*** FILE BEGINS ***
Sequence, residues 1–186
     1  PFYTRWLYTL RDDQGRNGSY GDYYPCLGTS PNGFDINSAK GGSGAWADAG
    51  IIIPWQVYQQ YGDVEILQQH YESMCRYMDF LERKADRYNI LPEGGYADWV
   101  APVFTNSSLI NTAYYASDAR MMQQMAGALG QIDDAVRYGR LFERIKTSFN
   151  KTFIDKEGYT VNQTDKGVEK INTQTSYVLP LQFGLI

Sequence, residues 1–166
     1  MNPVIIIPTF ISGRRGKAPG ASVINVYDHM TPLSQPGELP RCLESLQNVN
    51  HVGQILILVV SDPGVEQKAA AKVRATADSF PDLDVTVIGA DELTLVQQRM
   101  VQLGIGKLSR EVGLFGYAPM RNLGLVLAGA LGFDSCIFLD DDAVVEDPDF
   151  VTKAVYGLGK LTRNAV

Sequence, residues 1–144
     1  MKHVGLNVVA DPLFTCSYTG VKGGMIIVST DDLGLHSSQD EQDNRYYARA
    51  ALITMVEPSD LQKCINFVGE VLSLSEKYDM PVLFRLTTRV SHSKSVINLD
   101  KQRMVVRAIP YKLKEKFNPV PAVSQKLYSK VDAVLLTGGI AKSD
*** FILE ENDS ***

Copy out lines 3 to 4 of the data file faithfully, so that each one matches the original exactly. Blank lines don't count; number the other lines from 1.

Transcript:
    51  IIIPWQVYQQ YGDVEILQQH YESMCRYMDF LERKADRYNI LPEGGYADWV
   101  APVFTNSSLI NTAYYASDAR MMQQMAGALG QIDDAVRYGR LFERIKTSFN